Waterville Valley, New Hampshire
Progressive rails, a steep pipe, and early 80s butt rock.
When Waterville Valley dropped the backhoe blade into the earth to build its first in-ground halfpipe in 1988, there was exactly one other man-made pipe on the East Coast (at Stratton, Vermont since ’85) and no more than ten in the world. With that unceremonious load of dirt, the resort was forever entered into snowboarding’s history and—with its continued commitment to contests, events, and terrain improvements—snowboarding’s future.
Waterville built its first park called the Boneyard in ’89, it consisted of buried jibs like tires and the upper half of a school bus (they didn’t actually bury the whole bus), and it was only open to snowboarders. TheBoneyard is still in effect on Periphery, but now its focus is more on big hips along the trail embankment than buried scrap metal and rubber. These days, locals get up to Waterville Valley early in the mornings to avoid the afternoon “Cloudville Valley” effect, and the first place they go is the Exhibition Terrain Park and the Superpipe—the main dishes at this modest resort. They can be accessed via the Poma lift or the White Peak Quad, which takes riders to the top and drops them back down through the jumps, hips, banked turns, and rolls of the boardercross course on Upper Bobby’s and Psyched.
The terrain and obstacles in theExhibition Park were increased by 40 percent last winter with nine new handrails, including a rainbow rail, a bow-ledge rail, and a straight-bar rail—for a total of thirteen rails. Snowboard Director Mike Bettera says to look for six more custom-designed rails this season. According to local shred Eric Kovall, “The new handrails and the Superpipe were the big improvements we needed. Waterville’s definitely got the newest and most progressive rails on the East Coast.”
Riders can hit about four obstacles each pass through the park. The last obstacle is the infamous quarterpipe at the bottom, which gets sessioned hard all winter.The park staff keeps it fresh and flowing by changing things up every couple weeks.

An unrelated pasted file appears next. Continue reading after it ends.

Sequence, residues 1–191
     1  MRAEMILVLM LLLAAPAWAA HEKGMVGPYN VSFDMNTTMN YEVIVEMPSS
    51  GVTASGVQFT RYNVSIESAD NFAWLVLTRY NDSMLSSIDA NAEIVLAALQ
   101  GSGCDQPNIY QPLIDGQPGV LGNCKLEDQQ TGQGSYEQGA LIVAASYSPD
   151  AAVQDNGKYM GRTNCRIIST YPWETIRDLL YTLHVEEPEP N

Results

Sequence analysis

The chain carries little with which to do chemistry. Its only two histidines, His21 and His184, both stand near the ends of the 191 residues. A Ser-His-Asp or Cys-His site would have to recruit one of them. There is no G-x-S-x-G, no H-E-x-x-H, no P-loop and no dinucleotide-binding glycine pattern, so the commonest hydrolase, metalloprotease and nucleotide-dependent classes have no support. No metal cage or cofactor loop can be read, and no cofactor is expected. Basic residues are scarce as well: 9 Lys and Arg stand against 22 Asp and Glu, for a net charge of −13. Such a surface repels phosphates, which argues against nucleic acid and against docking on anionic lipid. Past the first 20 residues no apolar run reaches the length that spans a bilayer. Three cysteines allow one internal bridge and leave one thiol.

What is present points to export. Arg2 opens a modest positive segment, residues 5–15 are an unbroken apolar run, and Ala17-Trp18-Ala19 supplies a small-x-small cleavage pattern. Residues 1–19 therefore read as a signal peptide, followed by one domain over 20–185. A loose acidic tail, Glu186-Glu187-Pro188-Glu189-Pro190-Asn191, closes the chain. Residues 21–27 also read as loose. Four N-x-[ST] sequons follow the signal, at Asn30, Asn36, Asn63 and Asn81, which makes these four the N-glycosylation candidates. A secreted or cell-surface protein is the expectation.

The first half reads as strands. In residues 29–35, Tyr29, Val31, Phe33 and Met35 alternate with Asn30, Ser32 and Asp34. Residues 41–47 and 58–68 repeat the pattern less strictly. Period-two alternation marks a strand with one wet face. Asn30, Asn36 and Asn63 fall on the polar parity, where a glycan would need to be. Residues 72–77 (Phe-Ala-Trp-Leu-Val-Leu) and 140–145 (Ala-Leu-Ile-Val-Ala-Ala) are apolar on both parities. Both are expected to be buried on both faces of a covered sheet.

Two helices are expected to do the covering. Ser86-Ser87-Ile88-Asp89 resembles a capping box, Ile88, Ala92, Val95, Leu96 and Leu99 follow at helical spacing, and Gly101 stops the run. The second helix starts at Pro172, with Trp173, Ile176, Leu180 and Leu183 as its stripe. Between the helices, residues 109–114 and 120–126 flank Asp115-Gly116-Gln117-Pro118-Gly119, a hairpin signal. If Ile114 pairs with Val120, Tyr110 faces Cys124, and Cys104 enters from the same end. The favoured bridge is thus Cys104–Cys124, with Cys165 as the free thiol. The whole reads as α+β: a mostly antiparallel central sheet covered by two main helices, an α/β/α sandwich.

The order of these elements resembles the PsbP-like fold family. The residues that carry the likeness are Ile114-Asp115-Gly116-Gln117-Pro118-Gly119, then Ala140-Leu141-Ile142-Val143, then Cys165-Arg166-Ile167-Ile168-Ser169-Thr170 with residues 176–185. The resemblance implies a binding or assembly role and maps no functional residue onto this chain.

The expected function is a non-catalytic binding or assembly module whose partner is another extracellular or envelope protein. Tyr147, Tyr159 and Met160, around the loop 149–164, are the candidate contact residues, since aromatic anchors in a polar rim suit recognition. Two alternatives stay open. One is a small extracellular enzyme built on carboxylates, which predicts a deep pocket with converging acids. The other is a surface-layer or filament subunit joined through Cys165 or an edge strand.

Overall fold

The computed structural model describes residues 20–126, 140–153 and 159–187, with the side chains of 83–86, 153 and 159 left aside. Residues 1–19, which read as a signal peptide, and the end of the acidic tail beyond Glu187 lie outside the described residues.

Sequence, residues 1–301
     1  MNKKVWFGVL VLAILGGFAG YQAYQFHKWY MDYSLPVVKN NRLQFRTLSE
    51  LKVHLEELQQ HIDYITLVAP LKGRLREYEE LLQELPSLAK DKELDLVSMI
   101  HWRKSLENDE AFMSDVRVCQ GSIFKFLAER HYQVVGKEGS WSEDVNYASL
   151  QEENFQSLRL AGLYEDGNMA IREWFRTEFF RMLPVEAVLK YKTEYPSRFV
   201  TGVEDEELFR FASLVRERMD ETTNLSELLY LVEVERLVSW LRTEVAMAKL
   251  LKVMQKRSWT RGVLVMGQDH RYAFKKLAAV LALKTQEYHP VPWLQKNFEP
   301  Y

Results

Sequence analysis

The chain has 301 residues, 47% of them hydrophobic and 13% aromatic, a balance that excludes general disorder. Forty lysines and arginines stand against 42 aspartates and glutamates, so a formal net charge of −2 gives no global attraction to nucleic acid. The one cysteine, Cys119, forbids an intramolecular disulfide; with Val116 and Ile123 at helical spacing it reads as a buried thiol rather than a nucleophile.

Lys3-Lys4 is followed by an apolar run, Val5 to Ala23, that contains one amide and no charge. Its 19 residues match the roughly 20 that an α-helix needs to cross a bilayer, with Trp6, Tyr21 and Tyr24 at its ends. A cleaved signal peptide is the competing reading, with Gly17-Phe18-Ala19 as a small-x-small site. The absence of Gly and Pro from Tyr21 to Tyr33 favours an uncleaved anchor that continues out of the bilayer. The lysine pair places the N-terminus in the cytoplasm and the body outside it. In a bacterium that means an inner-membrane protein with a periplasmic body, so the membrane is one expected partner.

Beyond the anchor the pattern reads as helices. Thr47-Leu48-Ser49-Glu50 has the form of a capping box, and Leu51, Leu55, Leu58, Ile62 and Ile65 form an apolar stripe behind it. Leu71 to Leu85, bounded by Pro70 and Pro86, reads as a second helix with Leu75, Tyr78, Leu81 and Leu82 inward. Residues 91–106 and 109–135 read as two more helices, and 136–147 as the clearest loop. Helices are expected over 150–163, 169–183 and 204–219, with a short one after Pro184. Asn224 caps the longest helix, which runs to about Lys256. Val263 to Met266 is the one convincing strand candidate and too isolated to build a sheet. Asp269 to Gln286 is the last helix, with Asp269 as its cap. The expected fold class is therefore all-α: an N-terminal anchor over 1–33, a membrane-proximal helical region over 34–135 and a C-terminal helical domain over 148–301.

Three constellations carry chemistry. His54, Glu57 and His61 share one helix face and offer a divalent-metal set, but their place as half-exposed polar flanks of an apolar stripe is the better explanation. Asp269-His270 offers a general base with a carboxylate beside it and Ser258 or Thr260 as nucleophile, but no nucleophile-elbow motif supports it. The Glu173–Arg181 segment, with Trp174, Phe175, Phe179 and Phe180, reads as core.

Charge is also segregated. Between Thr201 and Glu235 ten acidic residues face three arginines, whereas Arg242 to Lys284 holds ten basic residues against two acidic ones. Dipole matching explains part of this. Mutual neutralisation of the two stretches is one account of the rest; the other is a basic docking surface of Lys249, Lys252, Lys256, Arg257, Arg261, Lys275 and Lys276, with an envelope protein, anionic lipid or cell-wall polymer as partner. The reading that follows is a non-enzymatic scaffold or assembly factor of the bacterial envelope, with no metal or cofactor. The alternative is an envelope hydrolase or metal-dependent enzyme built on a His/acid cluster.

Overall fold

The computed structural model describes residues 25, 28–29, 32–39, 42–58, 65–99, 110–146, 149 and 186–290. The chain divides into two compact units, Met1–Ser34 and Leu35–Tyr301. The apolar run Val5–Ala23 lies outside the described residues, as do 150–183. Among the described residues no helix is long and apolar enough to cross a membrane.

Thenew in-ground 400-foot Superpipe has a steep pitch for wicked-fast runs. The pipe is fully accessorized with a yurt to get out of the bitter New Hampshire cold, and there’s a booming sound system in the park. According to Kovall, the speakers blare a pre-1985 New Hampshire rock station—consider yourself lucky if you hear Iron Maiden: “It’s awful—silence would be better.”
The Little Slammer beginner park on Lower Periphery and a snowskate park are located outside Competition Center at the base of the mountain, rounding out the freestyle options on-hill. Off-hill, Waterville has a mini ramp located underneath the lodge for all skateboarders with a lift ticket to use.
March is the season for good-time events. Waterville has built a great reputation for hosting Red Bull Schooled, The Volcom Peanut Butter And Rail Jam and, in the past, the World Quarterpipe Championships. Local shreds like Eric Kovall, Jamie MacLeod, Andrew Mutty, Dan Garrity, and Pat Moore are sure to be there to show you how it’s done—East Coast style.
The Mexican restaurant at the base lodge and Jugtown Sandwich shop both come highly recommended for lunch, and at the end of the day, try T-Bars for on-hill drinking. For the combination of nightlife and dinner, check out Diamonds Edge North, but iff you want to meet some nice J.Crew/Abercrombie-style girls and boys, scramble twenty minutes down the road to the town of Plymouth. Just don’t stay at the Best Inn, we’re still boycotting them after they booted out all the snowboarders during the 2002 World Quarters—no love.—Annie Fast
Average annual snowfall: 120 inches
Summit elevation: 4,004 feet
Vertical drop: 2,020 feet
Number of lifts: 12
Shreddable acres: 255
Pipes: 1 Superpipe
Snowskate park: 1—rentals available, 10 dollars for two hours.
Nearby skatepark: Rye Airfield, Portsmith, New Hampshire, ryeairfield.com
Local shop: Eastern Boarder, Nashua New Hampshire (603) 888-0722
Ticket price: $39 adults, $29 teens (ages 13—18)
Web site: snowboardwaterville.com